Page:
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Soaring ahead; PTTP sets $300K ‘17 goal as it aims to surpass $1 million mark

Paint the Town Pink is aiming to soar past a million dollars raised for cancer research in 2017.

The Hormel Institute and organizers behind the annual breast cancer fundraiser met at The Institute Monday to announce the 2017 PTTP will run Jan. 30 to Feb. 12, 2017, and has set a $300,000 fundraising goal to support breast cancer research at The Hormel Institute, University of Minnesota.

“We are motivated by those that we love that we’ve lost or were diagnosed over the past year with cancer,” PTTP Director Kathi Finley said. “And we’re also motivated by those that we love that beat cancer in the past year, so we’re going to work very hard to obtain our goal.”

PTTP has raised $825,000 in six years and this year’s fundraiser is expected to bring the overall goal to more than $1 million raised since its start in 2011.

In a new event, Tim Cloyd will embark on a high-altitude hot air balloon flight sometime this winter to raise money.

The high-altitude flight will last several hours and could cover 100 to 400 miles of miles, depending on weather.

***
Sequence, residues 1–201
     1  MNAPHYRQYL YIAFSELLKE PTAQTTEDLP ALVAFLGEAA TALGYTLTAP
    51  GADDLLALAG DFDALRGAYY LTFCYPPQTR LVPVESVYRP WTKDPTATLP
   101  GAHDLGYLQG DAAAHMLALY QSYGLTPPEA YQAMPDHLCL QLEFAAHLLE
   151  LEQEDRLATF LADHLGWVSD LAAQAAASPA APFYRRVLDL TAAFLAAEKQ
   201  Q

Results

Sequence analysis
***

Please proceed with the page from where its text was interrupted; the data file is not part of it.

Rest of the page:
People can make contributions and pledges to the flight. Those people can then submit the names of a cancer victim or survivor for Cloyd to read

“Tim will say that during the course of the flight he’ll be very uncomfortable and cold,” said YMCA Director Tedd Maxfield, who flies his own balloon. “He’ll need oxygen to sustain himself at the altitudes that he flies, but he talks about how the trials and tribulations he’ll go through in the air are nothing compared to what somebody who’s fighting cancer goes through.”

Maxfield and another Austin resident plan to have their hot air balloons out at a few PTTP events in Austin, weather permitting.

PTTP mainstays like the Plunging for Pink polar plunge and others will return.

Through The Hormel Foundation’s ongoing financial support for The Institute, 100 percent of gifts given to The Hormel Institute fund breast cancer research, and none of the money goes to administrative expenses.

Money raised through PTTP goes toward grants for which Institute scientists can apply.

The money is divvied out through a  peer review process and Institute scientists can apply for PTTP funding and then Masonic Cancer Center Scientists designate who gets the money.

“These funds are very, very important in how they fund novel research … that wouldn’t be able to be conducted otherwise,” Institute Director of Development and Public Relations Dennison said. “We’re thankful for everybody for your support and that it makes a difference.”

Dennison said the money helps fund first steps to gather data so scientists can later apply for larger grants after doing that initial research.

Finley praised Institute Executive Director Dr. Zigang Dong and Associated Director Dr. Ann Bode for being good stewards of the PTTP funds and using it to make something bigger and better.